Hor­ror of hor­rors, this fails to chill the spine

The Weekend Australian - Review - - Film Reviews - Stephen Romei

Crim­son Peak (M) ★ 1/2 Na­tional re­lease

Mex­i­can di­rec­tor Guillermo del Toro likes his ghost sto­ries and fairy­tales. Per­haps his best­known films re­main the Span­ish lan­guage Pan’s Labyrinth (2006) and The Devil’s Back­bone (2001), dark fan­tasy-hor­ror sto­ries in­formed by the ter­rors of the Span­ish Civil War. It will come as no sur­prise then to learn he wrote the first script for his new film, the gothic hor­ror Crim

son Peak, soon af­ter Pan’s Labyrinth. It’s taken him a while to bring it to the screen, with other projects in­ter­ven­ing, in­clud­ing the quite pass­able sci-fi mon­sters ver­sus robots block­buster Pa­cific Rim (2013).

Del Toro has said of Crim­son Peak that he wanted to make an old-fash­ioned haunt­ed­house film such as the ones he watched in his youth, cit­ing The Omen, The Ami­tyville Hor­ror and “the Ever­est of haunted-house movies”, Stan­ley Kubrick’s The Shin­ing. Un­for­tu­nately, Crim­son Peak is not even in the foothills. It’s main prob­lem is it just isn’t scary, even with some neat tributes to those three seat-jumpers the di­rec­tor loved as a boy. M. Night Shya­malan’s The Visit is a much scarier op­tion for the Hal­loween tar­get au­di­ence.

The Visit is also much fun­nier, and that’s another missed op­por­tu­nity with del Toro’s film: the cast seems to take it far too se­ri­ously. The set-up — a di­lap­i­dated man­sion in freez­ing north­ern Eng­land, moths in the kitchen and grim por­traits on the walls, the creepy brother and sis­ter who live in it, the Amer­i­can heiress who moves in af­ter fall­ing for the brother — lends it­self to a bit of melo­dra­matic hu­mour, but there is al­most none. It’s all so earnest and, as a re­sult, pre­pos­ter­ous.

Another prob­lem is one of split per­son­al­ity, which would be fine if this was Sy­bil, but it’s not. It’s as though del Toro was torn be­tween mak­ing a lush Vic­to­rian drama and a mod­ern hor­ror tale and de­cided to kill two ravens with one stone by join­ing the two to­gether. As with Vic­tor Franken­stein’s cre­ation, the stitches show.

This schizophre­nia starts with the name of our Amer­i­can hero­ine: Edith Cush­ing (Aus­tralian ac­tress Mia Wasikowska). The first and best half of the film is set in up­state New York amid the pros­per­ous en­tre­pre­neur­ial classes of the early 20th cen­tury. In its faith­ful recre­ation of pe­riod de­tail it is at times rem­i­nis­cent of Martin Scors­ese’s mas­ter­ful 1993 adap­ta­tion of Edith Whar­ton’s novel The Age of In­no­cence. Del Toro, Dan­ish cin­e­matog­ra­pher Dan Laust­sen and the cos­tume and set-de­sign peo­ple do a mar­vel­lous job in this re­spect — in­deed I wish the film had been con­tained to this arch and glam­orous world.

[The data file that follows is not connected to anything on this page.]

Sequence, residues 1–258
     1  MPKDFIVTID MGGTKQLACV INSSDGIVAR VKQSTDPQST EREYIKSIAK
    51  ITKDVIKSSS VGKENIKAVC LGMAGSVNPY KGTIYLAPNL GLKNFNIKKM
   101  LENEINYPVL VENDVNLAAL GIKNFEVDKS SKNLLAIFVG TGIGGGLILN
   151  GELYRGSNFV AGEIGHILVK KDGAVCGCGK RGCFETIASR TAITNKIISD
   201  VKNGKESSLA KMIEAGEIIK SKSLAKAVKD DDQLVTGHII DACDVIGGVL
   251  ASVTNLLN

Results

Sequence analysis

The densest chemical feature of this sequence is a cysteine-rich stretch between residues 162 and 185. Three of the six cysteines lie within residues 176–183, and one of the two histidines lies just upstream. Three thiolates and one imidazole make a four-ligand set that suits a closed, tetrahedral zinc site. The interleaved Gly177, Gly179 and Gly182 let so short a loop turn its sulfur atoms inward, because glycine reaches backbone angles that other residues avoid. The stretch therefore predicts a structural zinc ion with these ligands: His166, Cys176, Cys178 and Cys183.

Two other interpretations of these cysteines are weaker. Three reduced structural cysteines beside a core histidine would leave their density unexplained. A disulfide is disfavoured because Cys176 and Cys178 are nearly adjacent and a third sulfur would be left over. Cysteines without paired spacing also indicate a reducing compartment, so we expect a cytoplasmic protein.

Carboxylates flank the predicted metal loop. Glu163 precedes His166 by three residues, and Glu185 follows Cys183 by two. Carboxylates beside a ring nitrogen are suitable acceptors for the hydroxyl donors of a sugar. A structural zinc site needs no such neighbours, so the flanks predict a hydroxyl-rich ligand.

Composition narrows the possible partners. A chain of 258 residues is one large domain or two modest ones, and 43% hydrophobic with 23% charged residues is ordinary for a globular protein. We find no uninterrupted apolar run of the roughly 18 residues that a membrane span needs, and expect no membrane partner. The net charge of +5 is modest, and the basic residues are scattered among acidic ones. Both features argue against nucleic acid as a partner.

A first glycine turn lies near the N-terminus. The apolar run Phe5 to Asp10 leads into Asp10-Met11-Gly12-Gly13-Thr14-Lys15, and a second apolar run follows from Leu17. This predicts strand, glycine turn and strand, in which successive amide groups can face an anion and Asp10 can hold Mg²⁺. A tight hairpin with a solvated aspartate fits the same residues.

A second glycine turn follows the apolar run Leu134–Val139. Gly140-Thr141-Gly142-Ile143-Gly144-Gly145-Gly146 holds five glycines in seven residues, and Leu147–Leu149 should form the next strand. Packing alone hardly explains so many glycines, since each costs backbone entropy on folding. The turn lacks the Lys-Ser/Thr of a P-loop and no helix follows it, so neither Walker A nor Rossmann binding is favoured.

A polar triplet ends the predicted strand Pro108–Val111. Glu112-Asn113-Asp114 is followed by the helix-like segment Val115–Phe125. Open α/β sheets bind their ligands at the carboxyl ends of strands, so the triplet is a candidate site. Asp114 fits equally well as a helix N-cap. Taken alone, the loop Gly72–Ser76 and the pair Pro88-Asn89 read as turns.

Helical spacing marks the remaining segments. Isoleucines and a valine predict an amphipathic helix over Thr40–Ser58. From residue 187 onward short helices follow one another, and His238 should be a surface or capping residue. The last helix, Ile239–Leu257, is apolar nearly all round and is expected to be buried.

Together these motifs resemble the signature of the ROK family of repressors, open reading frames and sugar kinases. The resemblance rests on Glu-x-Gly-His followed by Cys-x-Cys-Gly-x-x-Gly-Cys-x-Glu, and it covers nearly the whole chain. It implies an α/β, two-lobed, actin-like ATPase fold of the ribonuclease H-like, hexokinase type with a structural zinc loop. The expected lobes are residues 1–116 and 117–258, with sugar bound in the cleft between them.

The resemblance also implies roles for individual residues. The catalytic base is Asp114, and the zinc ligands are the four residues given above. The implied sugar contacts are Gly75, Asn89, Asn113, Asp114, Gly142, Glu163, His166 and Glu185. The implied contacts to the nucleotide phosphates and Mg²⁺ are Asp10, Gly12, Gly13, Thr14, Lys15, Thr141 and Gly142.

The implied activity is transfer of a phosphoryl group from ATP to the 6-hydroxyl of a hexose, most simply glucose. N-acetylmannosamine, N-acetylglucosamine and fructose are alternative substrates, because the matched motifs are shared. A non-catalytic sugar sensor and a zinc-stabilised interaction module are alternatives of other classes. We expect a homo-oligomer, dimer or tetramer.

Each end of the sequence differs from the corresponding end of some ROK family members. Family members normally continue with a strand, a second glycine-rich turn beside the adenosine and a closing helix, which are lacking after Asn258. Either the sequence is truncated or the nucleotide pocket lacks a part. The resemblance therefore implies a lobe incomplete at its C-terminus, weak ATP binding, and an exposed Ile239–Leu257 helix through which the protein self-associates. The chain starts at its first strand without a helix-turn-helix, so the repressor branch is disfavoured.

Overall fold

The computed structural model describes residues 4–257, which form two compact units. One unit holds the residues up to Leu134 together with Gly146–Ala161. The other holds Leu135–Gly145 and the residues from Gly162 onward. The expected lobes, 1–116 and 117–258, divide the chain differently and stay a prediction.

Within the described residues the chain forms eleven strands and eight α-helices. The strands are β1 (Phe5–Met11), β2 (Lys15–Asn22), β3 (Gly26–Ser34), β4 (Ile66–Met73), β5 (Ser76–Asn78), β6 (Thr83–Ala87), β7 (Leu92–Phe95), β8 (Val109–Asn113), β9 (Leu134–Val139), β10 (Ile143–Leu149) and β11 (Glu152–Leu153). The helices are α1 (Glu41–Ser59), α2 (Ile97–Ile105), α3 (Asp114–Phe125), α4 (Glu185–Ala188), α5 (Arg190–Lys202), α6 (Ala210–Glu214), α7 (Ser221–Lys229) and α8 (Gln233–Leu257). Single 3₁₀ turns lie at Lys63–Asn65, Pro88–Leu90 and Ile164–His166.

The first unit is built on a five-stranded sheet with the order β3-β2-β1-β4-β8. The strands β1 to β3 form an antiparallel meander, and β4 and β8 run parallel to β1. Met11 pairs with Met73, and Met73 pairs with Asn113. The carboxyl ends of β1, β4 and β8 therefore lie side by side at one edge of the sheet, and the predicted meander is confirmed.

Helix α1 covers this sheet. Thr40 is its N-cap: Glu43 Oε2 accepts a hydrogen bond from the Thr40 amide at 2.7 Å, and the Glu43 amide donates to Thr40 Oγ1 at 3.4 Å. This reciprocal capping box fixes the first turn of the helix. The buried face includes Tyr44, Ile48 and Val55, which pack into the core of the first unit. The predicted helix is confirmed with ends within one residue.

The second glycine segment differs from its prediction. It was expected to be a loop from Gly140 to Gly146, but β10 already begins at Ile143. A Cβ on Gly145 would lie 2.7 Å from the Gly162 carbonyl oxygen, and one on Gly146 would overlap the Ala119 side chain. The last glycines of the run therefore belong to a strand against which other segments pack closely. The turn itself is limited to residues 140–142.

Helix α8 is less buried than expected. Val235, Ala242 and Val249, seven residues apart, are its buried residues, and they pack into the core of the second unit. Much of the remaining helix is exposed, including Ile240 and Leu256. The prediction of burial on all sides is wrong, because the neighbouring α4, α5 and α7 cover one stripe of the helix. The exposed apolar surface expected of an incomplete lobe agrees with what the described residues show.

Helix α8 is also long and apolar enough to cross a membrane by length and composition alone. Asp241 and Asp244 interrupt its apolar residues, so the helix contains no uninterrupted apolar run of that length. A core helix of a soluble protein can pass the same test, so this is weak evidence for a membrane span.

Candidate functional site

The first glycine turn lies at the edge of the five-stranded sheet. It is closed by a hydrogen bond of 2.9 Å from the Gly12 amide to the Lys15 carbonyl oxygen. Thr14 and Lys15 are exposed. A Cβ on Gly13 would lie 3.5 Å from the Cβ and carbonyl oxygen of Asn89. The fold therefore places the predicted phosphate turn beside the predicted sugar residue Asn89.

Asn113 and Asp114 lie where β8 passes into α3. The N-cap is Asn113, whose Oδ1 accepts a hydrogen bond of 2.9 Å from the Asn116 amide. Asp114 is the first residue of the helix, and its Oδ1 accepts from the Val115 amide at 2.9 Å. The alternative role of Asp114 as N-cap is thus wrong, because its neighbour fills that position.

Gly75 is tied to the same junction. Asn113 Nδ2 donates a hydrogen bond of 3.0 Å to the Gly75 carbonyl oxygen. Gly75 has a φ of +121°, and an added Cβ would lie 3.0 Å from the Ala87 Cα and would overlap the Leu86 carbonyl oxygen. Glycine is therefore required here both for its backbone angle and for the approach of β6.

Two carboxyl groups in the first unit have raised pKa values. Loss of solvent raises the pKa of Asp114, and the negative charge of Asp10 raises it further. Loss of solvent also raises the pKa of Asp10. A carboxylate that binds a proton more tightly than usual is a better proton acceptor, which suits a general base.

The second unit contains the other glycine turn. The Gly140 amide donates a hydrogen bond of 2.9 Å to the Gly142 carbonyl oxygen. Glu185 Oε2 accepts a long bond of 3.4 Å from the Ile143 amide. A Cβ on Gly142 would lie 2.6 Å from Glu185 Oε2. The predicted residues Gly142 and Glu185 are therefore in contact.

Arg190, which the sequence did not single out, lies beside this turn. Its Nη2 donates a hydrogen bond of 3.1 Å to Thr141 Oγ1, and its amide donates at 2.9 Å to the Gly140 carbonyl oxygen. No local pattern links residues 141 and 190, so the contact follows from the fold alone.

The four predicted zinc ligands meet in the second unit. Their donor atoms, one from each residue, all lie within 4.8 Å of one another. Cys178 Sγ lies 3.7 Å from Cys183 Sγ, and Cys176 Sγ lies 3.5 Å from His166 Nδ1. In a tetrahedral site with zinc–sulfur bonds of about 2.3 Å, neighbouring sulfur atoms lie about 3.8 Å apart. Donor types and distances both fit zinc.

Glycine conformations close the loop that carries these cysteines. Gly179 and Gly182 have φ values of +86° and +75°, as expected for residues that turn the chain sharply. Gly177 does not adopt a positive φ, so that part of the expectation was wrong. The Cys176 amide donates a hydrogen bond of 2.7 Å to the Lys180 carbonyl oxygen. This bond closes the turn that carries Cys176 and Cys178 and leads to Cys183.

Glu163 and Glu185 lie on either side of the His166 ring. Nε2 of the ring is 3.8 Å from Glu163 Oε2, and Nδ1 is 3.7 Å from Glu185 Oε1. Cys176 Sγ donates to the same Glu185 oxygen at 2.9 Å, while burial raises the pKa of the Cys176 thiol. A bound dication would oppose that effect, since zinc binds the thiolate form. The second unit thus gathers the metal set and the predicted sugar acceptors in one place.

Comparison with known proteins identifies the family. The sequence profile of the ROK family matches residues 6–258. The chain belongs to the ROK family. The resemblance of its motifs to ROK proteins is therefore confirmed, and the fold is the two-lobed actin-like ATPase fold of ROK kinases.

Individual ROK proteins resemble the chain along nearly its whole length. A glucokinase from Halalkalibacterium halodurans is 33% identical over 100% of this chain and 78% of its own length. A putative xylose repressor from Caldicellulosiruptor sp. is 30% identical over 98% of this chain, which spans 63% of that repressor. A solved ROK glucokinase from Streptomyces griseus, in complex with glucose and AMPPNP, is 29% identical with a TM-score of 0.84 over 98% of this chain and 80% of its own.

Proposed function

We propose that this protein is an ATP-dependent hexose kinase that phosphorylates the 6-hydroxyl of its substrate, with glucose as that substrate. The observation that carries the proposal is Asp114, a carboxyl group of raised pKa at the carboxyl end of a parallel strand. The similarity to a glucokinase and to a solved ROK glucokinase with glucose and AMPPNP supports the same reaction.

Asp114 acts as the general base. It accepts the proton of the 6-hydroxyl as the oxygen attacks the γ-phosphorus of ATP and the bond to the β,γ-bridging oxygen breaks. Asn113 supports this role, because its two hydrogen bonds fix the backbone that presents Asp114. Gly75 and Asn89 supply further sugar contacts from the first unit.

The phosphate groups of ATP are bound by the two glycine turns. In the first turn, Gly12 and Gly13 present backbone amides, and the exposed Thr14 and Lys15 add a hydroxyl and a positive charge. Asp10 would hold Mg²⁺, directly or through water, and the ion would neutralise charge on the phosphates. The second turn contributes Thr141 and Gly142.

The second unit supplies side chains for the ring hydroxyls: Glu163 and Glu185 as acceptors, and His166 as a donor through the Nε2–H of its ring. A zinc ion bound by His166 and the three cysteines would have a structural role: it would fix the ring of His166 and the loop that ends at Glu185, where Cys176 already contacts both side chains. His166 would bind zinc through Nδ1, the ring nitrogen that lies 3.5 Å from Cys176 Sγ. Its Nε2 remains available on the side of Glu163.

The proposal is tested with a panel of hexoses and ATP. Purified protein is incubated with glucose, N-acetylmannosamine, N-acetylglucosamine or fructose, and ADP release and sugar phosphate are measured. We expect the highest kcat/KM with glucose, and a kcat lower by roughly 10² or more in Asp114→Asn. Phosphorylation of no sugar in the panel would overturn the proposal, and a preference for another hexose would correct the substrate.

But we are set to leave it be­hind when mi­nor English aris­to­crat Thomas Sharpe (Tom Hid­dle­ston, who bears a re­sem­blance to the young Peter Cush­ing) turns up, seek­ing Amer­i­can back­ing for his fail­ing busi­ness back home. He woos Edith, a beau­ti­ful and se­ri­ous young woman who wants to be a nov­el­ist, Mary Shel­ley be­ing her role model. Thomas’s for­bid­ding sis­ter Lu­cille (Jes­sica Chas­tain) looks on icily. Edith’s pow­er­ful, wealthy fa­ther Carter (Jim Beaver) ob­jects but, for rea­sons best left to the au­di­ence to dis­cover, he for once doesn’t have his own way. Hand­some doc­tor Alan McMichael (Char­lie Hun­nam, no Son of An­ar­chy here), in love with Edith, looks on hap­lessly.

The sec­ond half of the film, the ghost story part, un­folds in Thomas’s creak­ing man­sion. The ti­tle refers to the blood-red clay of the hilly ter­rain on which the prop­erty lies, the nat­u­ral re­source Thomas mines to make bricks and tiles. It is only on see­ing this land­scape that Edith makes some sense of a warn­ing is­sued from be­yond the grave by her mother: Be­ware Crim­son Peak. Yet fur­ther proof that one should al­ways lis­ten to one’s mater.

And so things go bump in the night, ap­pari­tions ap­pear, the house seems to take on malev­o­lent life and so on. But the real evil here is hu­man, as so of­ten is the case. Any­one half-awake will see all the twists com­ing, es­pe­cially the real na­ture of Thomas and Lu­cille’s re­la­tion­ship, the way Viv Richards used to see a cricket ball: very early. That leaves you with only the po­ten­tial thrill of the good ver­sus evil life-and-death ac­tion, but de­spite a pre­pon­der­ance of knives, cleavers and other sharp ob­jects, it just doesn’t cut it.

Mia Wasikowska en­coun­ters a spot of un­pleas­ant­ness in Crim­son Peak

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